Chautauqua County reports 19th COVID death
The Chautauqua County Health Department announced on Monday that a resident in their 70s passed away due to complications from COVID-19.
Health officials announced that 111 cases were reported from Nov. 26 to 29. Of them, 23 are in Jamestown; 16 are in Dunkirk; 15 are in Fredonia; eight are in Bemus Point; five are in Silver Creek; four each are in Frewsburg, Falconer and Westfield; three each are in Brocton, Sherman, Kennedy, Lakewood, South Dayton and Mayville; while Sinclairville, Irving, Panama, Cassadaga, Gerry, Cherry Creek and Ashville each have one new case.
The county also reported 13 hospitalizations. In total there have been 1,675 total cases and 1,494 have recovered.
With the four additional cases announced on Monday — Thursday, Friday, Saturday and Sunday numbers were announced prior to — the county finished the month of November with exactly 600 new cases of COVID-19. That’s the most in any calendar month since a pandemic was declared in March.
County Executive PJ Wendel said Monday that his COVID-19 response team is “expecting” a continued volume of coronavirus cases and that health officials are already trying to plan next steps.
“We are expecting it. … The writing is on the wall, after every holiday we’ve seen that surge,” Wendel told The Post-Journal shortly after Gov. Andrew Cuomo announced the state’s strategy to combat an expected surge in the virus between now and Jan. 2. Cuomo indicated that hospitalization rates would play a factor in a region’s micro-cluster zone classification.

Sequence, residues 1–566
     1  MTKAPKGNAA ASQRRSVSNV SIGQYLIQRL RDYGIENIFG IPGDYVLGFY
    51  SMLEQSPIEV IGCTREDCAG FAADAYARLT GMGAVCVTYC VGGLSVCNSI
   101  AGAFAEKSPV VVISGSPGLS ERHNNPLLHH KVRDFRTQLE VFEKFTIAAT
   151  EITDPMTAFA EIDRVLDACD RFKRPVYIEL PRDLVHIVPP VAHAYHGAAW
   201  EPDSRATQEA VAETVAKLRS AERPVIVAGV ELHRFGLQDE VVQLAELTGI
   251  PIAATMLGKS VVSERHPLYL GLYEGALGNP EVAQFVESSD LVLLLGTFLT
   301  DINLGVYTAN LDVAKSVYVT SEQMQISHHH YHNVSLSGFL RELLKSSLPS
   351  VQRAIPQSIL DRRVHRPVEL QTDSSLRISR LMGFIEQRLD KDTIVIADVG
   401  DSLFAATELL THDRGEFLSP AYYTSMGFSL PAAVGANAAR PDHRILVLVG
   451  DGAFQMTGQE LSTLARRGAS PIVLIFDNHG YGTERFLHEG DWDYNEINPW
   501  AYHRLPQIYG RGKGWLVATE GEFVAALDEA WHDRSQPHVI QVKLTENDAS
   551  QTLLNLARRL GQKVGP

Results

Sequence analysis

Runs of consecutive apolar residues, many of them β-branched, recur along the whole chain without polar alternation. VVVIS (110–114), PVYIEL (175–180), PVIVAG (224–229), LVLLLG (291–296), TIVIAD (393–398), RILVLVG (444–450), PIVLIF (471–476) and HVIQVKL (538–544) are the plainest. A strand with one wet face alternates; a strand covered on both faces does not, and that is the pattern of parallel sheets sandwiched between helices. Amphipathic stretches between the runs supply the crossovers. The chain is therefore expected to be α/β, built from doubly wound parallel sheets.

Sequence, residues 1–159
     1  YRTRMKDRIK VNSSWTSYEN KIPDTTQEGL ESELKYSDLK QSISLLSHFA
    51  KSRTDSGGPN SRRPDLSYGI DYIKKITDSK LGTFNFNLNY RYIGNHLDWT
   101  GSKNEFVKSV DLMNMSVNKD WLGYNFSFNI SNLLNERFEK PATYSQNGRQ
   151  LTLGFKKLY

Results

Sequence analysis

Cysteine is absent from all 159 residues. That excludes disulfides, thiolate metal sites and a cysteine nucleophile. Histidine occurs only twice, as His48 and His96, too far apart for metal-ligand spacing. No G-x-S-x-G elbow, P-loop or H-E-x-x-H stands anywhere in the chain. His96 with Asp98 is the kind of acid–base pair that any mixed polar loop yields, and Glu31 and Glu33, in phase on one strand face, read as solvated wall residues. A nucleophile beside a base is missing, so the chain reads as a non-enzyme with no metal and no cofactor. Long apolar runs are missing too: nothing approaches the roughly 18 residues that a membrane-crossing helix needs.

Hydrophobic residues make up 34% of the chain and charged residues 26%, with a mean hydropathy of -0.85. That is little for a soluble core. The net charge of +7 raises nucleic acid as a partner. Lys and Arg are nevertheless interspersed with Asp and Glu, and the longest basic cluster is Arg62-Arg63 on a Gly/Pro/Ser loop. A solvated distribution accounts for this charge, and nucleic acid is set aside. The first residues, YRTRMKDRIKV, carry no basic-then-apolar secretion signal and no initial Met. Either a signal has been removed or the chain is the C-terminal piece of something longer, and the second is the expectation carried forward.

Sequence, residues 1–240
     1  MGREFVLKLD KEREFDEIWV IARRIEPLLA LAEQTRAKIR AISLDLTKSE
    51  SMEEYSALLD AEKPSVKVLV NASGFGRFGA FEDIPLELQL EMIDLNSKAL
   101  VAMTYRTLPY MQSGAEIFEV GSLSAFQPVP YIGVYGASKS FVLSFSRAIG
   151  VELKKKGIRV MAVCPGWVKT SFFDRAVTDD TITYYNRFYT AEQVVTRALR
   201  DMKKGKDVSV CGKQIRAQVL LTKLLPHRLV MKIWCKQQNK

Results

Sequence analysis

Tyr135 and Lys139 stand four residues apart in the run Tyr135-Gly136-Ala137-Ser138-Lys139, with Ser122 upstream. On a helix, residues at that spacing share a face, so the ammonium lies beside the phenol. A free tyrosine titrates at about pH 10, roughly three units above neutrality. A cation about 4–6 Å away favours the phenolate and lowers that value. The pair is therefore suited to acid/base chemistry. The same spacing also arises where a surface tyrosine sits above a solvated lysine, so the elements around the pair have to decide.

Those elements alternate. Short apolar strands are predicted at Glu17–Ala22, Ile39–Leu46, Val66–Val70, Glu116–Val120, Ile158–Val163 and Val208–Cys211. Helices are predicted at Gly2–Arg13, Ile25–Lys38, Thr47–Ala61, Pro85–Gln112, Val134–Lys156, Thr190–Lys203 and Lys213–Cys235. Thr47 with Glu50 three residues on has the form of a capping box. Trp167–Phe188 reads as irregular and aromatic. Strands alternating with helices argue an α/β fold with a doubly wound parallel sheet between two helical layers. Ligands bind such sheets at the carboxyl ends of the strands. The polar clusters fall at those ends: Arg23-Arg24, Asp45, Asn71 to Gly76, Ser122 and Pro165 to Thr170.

“We’ve reached out to our hospitals, and if you look at our numbers in the hospitals, they are low — we’re monitoring that closely,” Wendel said. “That’s another thing (Cuomo) talked about: going to a color isn’t going to be based on positivity or infection, but also based on hospitals. He even said it today: we know we can’t close down all the way again.”
The health of county residents, he said, remains his and his team’s greatest concern.
“I got an email from someone saying that the last thing we do is worry about the health of our residents,” Wendel said. “That couldn’t be more hurtful. The safety of our residents is first and foremost and that has to continue. Seven people comprise our response team. When those decisions are made, they’re made by everybody and they are made with health and safety in mind. On the other side of it is getting things open.”
Still, Wendel, like other elected officials, is frustrated.
“This many months into it, if we’re seeing the same numbers in December that we saw in March, why is that?” he said. “We didn’t know what was hitting us back then. Why, then, are we still seeing those numbers now? People are wearing masks, businesses are not completely open and we’ve been well below capacity at all of our facilities. Why is it happening again? Our numbers have stayed down. Why then is it going to come back? We’re doing it right and now it’s coming back. That’s the concern I have and that’s the concern our residents need to focus on.”
He added, “We’ve been doing it right and now elsewhere throughout New York state the cases are increasing. Why? For us, we’ve followed the metrics and that’s a concern now. I don’t believe we’ve, the state, has done enough of a high enough level of investigation into what has caused this to continue. We’ve just been working through hot spots.”